For Immediate Release

Contact: 

Beth Allen (ballen@cwa-union.org) or Amy Fetherolf (afetherolf@cwa-union.org), CWA Communications, 202-434-1168

The Communications Workers of America

AT&T’s New Financial Plan Caters to Wall Street and Leaves Customers and Employees Behind

WASHINGTON - As part of today’s quarterly earnings report, AT&T unveiled a new three-year plan focused on boosting share prices. The company’s report also revealed additional job cuts, bringing the total cuts at AT&T since the corporate tax cut went into effect in January 2018 to 33,778.

“The plan that AT&T announced today is something only a hedge fund manager could love,” said Communications Workers of America President Chris Shelton. “Instead of using its massive profits to increase investment in next generation wireless and fiber broadband networks and train its employees for jobs of the future, AT&T plans to spend $30 billion buying back its own stock to boost share prices. Our union will continue to oppose Paul Singer’s agenda and keep a close eye as AT&T conducts its portfolio review. And we will continue to do what we’ve always done: fight back against corporate greed by standing up to protect good jobs at the bargaining table and, when necessary, on the strike line.”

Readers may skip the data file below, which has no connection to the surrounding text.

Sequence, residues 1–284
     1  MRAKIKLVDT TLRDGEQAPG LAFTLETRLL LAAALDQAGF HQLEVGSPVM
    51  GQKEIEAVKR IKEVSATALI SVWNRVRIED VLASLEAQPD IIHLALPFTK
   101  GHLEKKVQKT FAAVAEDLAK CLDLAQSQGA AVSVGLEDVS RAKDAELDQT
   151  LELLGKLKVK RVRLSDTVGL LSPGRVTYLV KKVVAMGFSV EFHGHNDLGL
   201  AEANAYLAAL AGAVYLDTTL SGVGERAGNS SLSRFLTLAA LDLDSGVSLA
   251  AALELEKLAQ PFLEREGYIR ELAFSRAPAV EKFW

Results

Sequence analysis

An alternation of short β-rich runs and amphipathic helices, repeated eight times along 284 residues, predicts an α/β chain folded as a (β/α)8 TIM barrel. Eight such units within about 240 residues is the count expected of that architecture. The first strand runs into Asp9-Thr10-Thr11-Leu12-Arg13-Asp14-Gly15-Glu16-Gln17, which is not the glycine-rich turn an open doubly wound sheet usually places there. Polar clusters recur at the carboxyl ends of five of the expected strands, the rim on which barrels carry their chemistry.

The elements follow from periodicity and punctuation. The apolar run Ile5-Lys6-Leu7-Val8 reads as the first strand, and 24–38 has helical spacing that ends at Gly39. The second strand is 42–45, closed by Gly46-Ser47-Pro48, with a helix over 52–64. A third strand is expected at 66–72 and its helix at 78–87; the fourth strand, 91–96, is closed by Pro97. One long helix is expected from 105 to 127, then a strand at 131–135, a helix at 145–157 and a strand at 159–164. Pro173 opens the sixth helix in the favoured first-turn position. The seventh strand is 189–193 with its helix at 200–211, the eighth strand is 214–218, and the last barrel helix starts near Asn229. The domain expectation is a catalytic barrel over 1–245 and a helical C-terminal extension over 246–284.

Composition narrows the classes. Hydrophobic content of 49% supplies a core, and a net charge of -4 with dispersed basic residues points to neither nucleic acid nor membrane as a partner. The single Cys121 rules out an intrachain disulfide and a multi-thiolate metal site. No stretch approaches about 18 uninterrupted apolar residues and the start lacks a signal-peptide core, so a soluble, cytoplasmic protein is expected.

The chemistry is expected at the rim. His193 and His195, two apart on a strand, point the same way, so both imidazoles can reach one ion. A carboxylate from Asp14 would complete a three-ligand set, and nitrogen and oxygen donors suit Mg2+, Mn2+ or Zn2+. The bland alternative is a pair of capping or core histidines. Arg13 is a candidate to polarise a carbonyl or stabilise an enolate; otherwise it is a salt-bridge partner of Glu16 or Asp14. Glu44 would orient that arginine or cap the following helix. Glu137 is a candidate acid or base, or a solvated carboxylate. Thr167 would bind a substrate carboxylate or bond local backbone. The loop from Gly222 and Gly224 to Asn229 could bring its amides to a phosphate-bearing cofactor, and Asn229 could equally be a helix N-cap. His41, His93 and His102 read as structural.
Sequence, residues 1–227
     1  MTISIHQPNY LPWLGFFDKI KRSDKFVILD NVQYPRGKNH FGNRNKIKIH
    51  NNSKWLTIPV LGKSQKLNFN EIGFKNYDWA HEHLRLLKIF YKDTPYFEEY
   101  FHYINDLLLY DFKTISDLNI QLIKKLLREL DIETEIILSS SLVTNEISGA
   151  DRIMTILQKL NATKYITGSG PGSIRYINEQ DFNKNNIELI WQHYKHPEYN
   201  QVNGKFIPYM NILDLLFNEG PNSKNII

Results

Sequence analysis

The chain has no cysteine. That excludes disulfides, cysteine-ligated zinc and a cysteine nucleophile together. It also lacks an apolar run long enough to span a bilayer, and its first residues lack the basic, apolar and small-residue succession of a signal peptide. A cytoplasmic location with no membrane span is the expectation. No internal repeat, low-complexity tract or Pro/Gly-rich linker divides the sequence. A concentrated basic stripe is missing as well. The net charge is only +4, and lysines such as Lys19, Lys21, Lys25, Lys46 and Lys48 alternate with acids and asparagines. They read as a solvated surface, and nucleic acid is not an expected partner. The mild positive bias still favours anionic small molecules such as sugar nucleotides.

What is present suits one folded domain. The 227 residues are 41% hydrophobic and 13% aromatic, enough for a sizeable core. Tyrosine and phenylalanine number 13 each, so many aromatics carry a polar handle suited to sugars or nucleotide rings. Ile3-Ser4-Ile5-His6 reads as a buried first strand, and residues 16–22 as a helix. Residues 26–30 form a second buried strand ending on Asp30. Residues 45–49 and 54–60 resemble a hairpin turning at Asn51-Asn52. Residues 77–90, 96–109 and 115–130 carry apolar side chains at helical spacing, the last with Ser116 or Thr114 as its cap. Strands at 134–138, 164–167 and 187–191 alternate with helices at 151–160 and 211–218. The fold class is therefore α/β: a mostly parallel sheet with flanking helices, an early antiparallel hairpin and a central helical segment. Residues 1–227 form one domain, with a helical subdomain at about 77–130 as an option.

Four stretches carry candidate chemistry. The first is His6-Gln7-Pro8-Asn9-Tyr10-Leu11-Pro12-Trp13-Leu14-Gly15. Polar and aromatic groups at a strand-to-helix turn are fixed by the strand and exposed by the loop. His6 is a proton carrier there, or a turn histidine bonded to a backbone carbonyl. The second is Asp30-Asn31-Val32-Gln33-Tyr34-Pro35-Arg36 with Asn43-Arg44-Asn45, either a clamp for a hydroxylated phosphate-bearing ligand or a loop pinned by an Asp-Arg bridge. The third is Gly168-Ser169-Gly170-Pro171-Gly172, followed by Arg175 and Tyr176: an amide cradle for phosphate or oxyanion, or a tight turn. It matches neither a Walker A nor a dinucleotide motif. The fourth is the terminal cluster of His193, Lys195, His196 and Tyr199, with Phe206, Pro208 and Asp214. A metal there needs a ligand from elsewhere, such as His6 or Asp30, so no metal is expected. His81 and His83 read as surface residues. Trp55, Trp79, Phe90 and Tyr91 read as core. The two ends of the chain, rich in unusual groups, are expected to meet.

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AT&T’s plan comes after vulture capital hedge fund Elliott Management took a small stake in the company, aiming to extract profits from AT&T by cutting jobs and selling off critical assets while pumping up the stock price with billions in share buybacks. While AT&T did not fully adopt Elliott’s plans, the company’s commitment to spend up to 70% of its free cash flow on stock buybacks, appoint new directors to its board, and review its portfolio with an eye toward selling off parts of its business puts the concerns of a few wealthy shareholders above serving customers by investing in the network and its employees.

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The Communications Workers of America represents working men and women in telecommunications, customer service, media, airlines, health care, public service and education, and manufacturing.

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